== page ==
The Jewish ghetto of Venice, made famous in William Shakespeare’s The Merchant of Venice ( “Shylock” ), was actually the very first “ghetto.” That does not mean that when the Venetian Ghetto was established in 1516, it was the first time Jews were relegated to a specific living area, but it was the first such usage of the word “ghetto.”
While today the word “ghetto” conjures up an array of connotations, from the Holocaust to the inner-city, in 1516 it was simply the Italian word for “foundry.” The government-specified living area for Jews had once been a cannon factory.
The creation of a Jewish neighborhood was meant to appease the Inquisition and, in this way, protect the Jews of the city. It did not take long for it to become an effective means of isolating and oppressing (taxing) the Jews. The gates of the ghetto were open only during the daytime. At night, the ghetto was guarded and its inhabitants were required to abide by the “curfew.”
Even with restricted living conditions and other discriminatory measures (such as yellow badges on clothes), the Jewish community of Venice flourished. The only way that the community could accommodate its increasing number of residents was to build upward. Some buildings reached a height of six stories (which was impressive for the middle ages). In 1541, an adjacent area was added (Ghetto Vecchio) in order to accommodate an influx of Sephardic Jews.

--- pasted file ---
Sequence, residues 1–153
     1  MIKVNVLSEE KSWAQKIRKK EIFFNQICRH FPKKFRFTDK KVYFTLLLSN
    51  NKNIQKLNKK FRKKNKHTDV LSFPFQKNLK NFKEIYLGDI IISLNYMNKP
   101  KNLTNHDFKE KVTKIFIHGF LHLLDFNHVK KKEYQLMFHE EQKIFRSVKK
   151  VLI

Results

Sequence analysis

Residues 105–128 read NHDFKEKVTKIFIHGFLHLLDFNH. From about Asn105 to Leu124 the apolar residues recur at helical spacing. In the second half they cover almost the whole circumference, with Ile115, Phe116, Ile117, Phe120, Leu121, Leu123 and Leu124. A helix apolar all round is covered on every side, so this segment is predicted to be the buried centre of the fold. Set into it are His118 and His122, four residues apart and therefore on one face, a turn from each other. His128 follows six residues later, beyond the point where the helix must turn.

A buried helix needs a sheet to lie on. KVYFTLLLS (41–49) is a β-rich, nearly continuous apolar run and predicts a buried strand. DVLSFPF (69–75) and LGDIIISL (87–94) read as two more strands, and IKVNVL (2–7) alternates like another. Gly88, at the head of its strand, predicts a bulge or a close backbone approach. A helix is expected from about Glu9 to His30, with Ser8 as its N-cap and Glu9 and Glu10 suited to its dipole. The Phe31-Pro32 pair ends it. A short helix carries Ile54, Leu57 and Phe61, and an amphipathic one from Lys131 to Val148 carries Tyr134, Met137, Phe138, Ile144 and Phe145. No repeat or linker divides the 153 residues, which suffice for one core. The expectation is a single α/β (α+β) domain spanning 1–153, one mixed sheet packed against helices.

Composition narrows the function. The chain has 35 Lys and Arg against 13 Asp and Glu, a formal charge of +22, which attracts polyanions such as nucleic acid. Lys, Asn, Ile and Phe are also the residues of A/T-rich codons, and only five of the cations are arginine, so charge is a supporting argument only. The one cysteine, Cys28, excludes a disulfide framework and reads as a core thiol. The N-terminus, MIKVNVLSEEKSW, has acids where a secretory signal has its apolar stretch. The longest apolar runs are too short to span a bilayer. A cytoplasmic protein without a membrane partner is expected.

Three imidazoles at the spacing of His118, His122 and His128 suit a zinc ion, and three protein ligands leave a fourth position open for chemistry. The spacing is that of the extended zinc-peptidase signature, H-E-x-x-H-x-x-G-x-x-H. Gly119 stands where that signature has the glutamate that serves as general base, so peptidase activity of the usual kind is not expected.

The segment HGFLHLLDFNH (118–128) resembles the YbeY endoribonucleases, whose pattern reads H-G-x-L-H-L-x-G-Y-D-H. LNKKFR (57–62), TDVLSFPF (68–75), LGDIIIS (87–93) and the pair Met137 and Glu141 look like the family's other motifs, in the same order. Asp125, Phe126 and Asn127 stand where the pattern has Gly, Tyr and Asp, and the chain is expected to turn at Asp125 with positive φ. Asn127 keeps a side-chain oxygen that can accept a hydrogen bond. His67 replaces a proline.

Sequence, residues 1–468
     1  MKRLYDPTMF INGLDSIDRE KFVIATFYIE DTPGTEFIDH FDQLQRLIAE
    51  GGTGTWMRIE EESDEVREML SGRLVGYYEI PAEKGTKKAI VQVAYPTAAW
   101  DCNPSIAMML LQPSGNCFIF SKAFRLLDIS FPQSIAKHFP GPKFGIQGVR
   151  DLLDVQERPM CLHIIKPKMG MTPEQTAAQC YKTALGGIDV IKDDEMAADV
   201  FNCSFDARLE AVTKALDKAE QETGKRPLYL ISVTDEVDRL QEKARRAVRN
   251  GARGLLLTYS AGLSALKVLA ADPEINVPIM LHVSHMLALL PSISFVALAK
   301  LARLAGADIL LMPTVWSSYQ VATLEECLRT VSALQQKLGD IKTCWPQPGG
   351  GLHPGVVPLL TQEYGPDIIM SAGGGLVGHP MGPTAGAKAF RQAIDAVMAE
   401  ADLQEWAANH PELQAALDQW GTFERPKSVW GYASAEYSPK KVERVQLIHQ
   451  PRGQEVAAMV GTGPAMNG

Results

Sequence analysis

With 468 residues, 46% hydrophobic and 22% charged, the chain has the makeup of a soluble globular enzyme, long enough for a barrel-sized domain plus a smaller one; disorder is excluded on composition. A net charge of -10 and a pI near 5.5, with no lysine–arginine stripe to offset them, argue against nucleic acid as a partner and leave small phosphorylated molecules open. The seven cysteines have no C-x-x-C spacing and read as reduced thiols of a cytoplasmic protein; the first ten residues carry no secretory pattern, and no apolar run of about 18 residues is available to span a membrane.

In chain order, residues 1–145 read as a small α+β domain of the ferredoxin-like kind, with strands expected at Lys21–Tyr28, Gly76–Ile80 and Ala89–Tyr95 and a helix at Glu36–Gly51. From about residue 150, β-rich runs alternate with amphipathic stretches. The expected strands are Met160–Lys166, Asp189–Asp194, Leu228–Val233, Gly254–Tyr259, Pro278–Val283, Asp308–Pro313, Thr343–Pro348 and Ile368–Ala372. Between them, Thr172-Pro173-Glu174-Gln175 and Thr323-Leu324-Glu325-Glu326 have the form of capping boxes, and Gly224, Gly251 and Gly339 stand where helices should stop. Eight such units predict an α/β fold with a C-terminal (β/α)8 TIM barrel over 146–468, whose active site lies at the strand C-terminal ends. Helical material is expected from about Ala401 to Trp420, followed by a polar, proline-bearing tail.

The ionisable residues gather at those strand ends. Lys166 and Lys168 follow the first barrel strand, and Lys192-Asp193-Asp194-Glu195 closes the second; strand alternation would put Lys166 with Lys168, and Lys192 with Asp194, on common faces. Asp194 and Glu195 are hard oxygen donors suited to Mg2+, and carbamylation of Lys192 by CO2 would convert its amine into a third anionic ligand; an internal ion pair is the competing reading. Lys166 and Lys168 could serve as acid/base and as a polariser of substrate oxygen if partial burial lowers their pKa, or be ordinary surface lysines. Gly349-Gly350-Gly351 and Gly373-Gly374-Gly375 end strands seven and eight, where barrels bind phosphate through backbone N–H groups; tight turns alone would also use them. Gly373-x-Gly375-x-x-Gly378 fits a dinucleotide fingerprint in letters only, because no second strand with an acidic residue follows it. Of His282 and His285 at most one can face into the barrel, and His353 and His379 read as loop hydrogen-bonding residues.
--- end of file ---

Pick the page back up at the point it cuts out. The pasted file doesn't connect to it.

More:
Life was hard for the Venetian Jews due to anti-Semitism, but within the ghetto walls, Jewish life remained vibrant. Synagogues were built (many of them are still in existence and some are even in use), scholars shared their Torah knowledge and Jewish families educated their children.
The ghetto itself came to an end in 1797, when Napoleon and his army threw open the ghetto doors and emancipated the Jews.
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